School Groups

Information Technologies

Use of Information Technology (Computers) as Learning Tools

Pan-Asia International School provides basic courses in computer use for students in grades one to three. The grade one course is designed to introduce students to basic skills. They experience the operation of the computer and become acquainted with technology. Microsoft Word, Excel and Power Point are introduced in grade two. At this time students also explore a variety of software that enhances studies in various subject areas. In grade three students continue to learn about word processing, spreadsheets, database and presentation software.

Students in grades four to nine use computers as learning tools in a variety of ways. Computer skills are taught to students in conjunction with the content of their subjects (English, Science, Math, Social Studies, etc . . .) rather than as separate skills without context. Computers are used as tools to learn about subjects and to organize information for retention or presentation. Therefore, students will accompany their teachers or go independently to the computer lab to learn not only how to use a computer, but also why a computer is necessary and useful. Students in grades four to nine at Pan-Asia learn computer skills in the context of real-life, hands-on experience. Examples of how students use computers in their classes include: to do research, to produce reports, to make presentations, to desktop publish media, to use subject-related interactive media, and to communicate.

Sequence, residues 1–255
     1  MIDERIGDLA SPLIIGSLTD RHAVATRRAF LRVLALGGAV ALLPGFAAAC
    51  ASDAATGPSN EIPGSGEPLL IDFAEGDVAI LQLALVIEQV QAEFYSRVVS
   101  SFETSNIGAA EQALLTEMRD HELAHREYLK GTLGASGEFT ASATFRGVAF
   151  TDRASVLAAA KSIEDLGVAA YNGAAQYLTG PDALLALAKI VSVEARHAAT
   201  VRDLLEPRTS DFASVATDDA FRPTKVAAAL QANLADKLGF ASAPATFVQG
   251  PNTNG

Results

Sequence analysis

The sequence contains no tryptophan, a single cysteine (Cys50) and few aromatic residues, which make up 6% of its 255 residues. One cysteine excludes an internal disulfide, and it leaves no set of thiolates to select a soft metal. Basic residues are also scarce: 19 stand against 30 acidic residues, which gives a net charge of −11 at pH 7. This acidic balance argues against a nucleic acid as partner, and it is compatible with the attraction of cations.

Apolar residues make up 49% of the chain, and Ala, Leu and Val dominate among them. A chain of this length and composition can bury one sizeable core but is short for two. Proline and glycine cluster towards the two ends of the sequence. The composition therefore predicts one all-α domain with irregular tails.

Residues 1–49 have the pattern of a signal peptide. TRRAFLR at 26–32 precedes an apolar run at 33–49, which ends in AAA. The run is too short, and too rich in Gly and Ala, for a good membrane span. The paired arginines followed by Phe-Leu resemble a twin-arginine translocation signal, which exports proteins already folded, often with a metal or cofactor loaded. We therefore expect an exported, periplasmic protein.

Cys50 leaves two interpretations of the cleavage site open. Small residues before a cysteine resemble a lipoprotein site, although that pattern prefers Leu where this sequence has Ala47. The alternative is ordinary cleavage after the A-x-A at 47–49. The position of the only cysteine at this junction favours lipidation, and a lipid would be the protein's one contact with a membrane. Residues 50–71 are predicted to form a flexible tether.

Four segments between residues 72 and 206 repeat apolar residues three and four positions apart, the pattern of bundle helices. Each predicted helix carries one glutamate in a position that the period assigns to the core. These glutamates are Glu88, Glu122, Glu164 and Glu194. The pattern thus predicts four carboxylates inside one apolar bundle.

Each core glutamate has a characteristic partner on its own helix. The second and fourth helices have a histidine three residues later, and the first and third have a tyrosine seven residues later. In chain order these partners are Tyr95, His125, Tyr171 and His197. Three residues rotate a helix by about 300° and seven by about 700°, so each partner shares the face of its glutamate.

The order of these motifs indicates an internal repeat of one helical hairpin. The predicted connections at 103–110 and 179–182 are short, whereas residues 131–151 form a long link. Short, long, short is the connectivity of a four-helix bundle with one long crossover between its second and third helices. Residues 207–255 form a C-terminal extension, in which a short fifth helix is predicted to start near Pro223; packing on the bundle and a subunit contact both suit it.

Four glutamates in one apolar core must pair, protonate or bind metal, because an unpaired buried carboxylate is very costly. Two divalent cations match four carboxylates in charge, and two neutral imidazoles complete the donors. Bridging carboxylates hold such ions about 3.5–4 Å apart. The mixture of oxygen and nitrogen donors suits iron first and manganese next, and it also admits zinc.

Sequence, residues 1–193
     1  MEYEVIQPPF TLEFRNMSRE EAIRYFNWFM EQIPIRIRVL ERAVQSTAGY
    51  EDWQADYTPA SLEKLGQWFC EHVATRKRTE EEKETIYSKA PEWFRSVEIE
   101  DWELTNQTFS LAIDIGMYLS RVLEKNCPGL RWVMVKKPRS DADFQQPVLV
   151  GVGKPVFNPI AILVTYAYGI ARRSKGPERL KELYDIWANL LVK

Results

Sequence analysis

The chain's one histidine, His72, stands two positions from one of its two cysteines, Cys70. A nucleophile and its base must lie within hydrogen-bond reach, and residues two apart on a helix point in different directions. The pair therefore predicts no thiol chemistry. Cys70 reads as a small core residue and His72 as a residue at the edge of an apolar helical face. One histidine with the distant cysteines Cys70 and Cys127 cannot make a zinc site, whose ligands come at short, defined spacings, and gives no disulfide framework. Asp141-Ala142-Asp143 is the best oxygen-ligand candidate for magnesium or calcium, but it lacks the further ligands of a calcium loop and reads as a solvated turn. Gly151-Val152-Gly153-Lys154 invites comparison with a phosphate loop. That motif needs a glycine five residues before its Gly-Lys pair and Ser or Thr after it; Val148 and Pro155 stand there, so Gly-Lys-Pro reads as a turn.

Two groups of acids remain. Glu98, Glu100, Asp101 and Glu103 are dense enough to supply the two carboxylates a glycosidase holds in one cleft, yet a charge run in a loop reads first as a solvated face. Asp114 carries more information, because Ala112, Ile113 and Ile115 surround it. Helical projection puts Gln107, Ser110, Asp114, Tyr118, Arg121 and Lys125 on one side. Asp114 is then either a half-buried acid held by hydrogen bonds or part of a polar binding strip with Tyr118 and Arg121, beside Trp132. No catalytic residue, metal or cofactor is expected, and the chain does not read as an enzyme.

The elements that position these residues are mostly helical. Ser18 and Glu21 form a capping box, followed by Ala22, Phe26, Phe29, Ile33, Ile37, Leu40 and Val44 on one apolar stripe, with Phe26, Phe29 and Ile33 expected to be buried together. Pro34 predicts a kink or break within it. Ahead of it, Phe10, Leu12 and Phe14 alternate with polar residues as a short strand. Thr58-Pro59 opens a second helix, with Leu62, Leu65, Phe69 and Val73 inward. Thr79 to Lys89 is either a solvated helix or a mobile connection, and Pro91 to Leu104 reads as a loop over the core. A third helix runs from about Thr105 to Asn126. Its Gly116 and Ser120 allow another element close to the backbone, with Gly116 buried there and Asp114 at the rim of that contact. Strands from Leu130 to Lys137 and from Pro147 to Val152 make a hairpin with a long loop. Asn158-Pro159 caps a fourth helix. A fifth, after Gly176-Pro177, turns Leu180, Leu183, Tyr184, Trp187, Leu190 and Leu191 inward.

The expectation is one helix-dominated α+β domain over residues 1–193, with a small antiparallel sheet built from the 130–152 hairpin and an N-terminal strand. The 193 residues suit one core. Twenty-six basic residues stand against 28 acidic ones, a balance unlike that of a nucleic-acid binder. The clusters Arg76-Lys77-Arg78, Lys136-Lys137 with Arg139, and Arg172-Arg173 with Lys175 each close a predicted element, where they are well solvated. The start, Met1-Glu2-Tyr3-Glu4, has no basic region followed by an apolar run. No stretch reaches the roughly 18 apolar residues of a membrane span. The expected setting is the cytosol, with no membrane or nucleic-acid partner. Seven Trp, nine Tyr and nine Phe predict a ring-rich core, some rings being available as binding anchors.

For example, spreadsheets will not be taught in isolation. Students will be taught how to use a spreadsheet to examine and graph population data in relation to social studies. In mathematics, the teacher will show students how to use a spreadsheet to solve problems.

Another example is word processing. In a computer class students may learn how to use the functions of Microsoft Word, but they may never learn when, where, or why those functions are needed in the first place. When students learn the necessary aspects of MS Word in conjunction with the content of their English Language Arts or Social Studies classes, then they are learning to use computers in the context of activities with real-world significance. Experiences like these will serve our students’ futures much better than simply learning computer skills just for the sake of learning computer skills.